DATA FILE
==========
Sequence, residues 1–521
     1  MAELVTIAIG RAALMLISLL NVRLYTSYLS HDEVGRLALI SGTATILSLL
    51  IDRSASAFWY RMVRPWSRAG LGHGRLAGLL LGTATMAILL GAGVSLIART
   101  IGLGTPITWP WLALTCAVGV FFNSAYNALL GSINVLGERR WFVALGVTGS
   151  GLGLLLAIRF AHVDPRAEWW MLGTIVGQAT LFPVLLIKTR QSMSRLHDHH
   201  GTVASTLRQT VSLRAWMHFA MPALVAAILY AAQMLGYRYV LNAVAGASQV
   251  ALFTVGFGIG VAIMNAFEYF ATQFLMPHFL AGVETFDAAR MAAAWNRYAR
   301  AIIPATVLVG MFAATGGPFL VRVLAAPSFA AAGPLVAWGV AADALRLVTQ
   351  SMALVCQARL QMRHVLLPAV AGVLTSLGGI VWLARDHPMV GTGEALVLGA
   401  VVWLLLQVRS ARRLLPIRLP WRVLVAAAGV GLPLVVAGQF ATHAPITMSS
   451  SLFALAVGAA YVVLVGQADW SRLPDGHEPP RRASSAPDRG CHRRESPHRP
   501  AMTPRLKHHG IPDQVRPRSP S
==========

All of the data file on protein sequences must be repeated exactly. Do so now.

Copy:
Sequence, residues 1–521
     1  MAELVTIAIG RAALMLISLL NVRLYTSYLS HDEVGRLALI SGTATILSLL
    51  IDRSASAFWY RMVRPWSRAG LGHGRLAGLL LGTATMAILL GAGVSLIART
   101  IGLGTPITWP WLALTCAVGV FFNSAYNALL GSINVLGERR WFVALGVTGS
   151  GLGLLLAIRF AHVDPRAEWW MLGTIVGQAT LFPVLLIKTR QSMSRLHDHH
   201  GTVASTLRQT VSLRAWMHFA MPALVAAILY AAQMLGYRYV LNAVAGASQV
   251  ALFTVGFGIG VAIMNAFEYF ATQFLMPHFL AGVETFDAAR MAAAWNRYAR
   301  AIIPATVLVG MFAATGGPFL VRVLAAPSFA AAGPLVAWGV AADALRLVTQ
   351  SMALVCQARL QMRHVLLPAV AGVLTSLGGI VWLARDHPMV GTGEALVLGA
   401  VVWLLLQVRS ARRLLPIRLP WRVLVAAAGV GLPLVVAGQF ATHAPITMSS
   451  SLFALAVGAA YVVLVGQADW SRLPDGHEPP RRASSAPDRG CHRRESPHRP
   501  AMTPRLKHHG IPDQVRPRSP S